Friday, March 20, 2009

Zvonareva goes to Indian Wells final

A few days ago, when asked, I said I thought Vera Zvonareva had an edge over Victoria Azarenka should they meet in the semifinals at the BNP Paribas Open. Then I saw Zvonareva play against Caroline Wozniacki, and Azarenka play against Dinara Safina, and I gave the edge to Azarenka.

They fooled me today. Zvonareva did not in any way resemble the player who defeated Wozniacki in that mess of a quarterfinal match, and Azarenka did not in any way resemble the player who took out the number 1 seed. It was all Zvonareva from the first ball that was struck. She could have served a bit better, but it didn't matter: She played a smart, relatively clean game, and dispensed of Azarenka in straight sets, 6-3, 6-3. Azarenka had numerous opportunities to break Zvonareva, but instead, she behaved like the head case she sometimes is.

When Azarenka finally won a final, after mentally wilting in several previous ones, I thought she would become mentally tougher, and she did. But perhaps the occasion got to her today. She had taken out the top seed, she was playing as an about-to-be member of the top 10, and--perhaps most important--she was playing someone she had never defeated.

I think Azarenka will mature and continue to overcome her mental fragility. In the meantime, Zvonareva has become one of the most impressive players on the tour. For those of us who always knew she had it in her, it is a real pleasure to see her become such a threat.

I watched the match on the Fox Sports Network, and was tempted to turn the sound off. The commentators were chronically inaccurate in reporting various items, and the inaccurate commentary was riddled with sexism. The payoff at the end, however, was a nice interview with the charming Zvonareva.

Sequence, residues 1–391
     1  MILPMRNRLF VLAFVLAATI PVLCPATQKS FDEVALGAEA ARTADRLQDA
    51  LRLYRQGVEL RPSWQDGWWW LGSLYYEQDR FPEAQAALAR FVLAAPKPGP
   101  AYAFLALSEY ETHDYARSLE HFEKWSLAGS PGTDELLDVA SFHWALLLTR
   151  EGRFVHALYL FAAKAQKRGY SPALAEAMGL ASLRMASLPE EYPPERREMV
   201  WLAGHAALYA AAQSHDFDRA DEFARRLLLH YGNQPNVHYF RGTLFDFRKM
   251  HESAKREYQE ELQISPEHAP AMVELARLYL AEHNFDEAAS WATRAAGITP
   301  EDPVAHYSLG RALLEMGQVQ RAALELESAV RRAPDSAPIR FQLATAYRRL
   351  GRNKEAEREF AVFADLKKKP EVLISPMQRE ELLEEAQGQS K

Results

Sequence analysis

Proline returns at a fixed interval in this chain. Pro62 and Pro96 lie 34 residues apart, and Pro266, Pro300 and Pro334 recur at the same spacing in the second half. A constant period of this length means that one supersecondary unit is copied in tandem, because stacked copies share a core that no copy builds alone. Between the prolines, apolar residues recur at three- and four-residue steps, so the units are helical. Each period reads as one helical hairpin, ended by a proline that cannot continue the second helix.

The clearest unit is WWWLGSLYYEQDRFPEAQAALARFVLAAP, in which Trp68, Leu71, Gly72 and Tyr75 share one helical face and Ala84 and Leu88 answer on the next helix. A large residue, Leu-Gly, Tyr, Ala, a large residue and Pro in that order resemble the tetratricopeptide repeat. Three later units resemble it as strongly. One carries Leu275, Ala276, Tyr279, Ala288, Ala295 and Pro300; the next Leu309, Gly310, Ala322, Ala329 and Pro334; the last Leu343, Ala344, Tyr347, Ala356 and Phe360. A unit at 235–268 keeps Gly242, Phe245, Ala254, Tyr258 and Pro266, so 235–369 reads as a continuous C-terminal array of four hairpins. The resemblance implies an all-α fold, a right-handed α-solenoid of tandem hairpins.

Zvonareva, the 4th seed, will meet either defending champion Ana Ivanovic or Anastasia Pavlyuchenkova in the final. Zvonareva has never played Pavlyuchenkova, and she is 3-4 against Ivanovic overall, and 2-3 against her on hard courts. Last year, Ivanovic defeated Zvonareva in straight sets in the Indian Wells quarterfinals.


Anonymous said...

"...riddled with sexism."


Diane said...

The constant referral to the women (not Azarenka herself, who is still an adolescent) on the tour as "girls" and the referring to the lineswomen as men. It went on the entire match.

Anonymous said...

Well, some would say that's not sexism but to each his/her own, I guess.

Diane said...

Whoever says it isn't sexism better be referring to men as children, and better sometimes be calling linesmen women.

Anonymous said...

The secret behind the curtain of the male psyche: women have so much power over the male self-esteem that males have to make themselves feel superior by thinking of womankind as "girls." Males who refer to women as girls are broadcasting not only their lack of respect, but also their insecurity. It's a convenient warning sign that a male isn't mature enough to be taken seriously as a true equal.

Diane said...

Context plays a role, and there are instances in our idiom in which "girl" is fine ("out with the girls," etc.). But the consistent identifying of women as children infantilizes us. The ATP players--even if they are just 18-- are men; the WTA players--even if they are 28--are girls.

Some women call other women "girls," too, because it so acceptable to do so, just as many people say "Oriental" when they mean Asian. And while they mean no harm, culture changes only when language changes. Though it is naive to think that a racial bigot is any less bigoted because the culture has banned words such as "colored"--it is also true that banning such words sends a message that the culture is shifting...if ever so slowly...away from bigotry. And that is an important message.

Anonymous said...

I don't like the use of the word girls for players on the WTA tour, but in Australia, I'm not sure if it's the case everywhere, in all of the football codes, and various other sports, the male players call their teammates and opponents "boys" and never men.
Just as an example that the other exists as well.

Diane said...

Context is everything, David There are often cases in which women call each other "girls" and men call each other "boys." It's just part of a particular idiom. Your Australian example is a good one. The American "guys and girls" is another one, except that one is obviously a bit less egalitarian.

But when commentators (except for Ted Robinson) repeatedly call 18-year-old ATP players men and repeatedly call 25-year-old WTA players girls--that's another matter.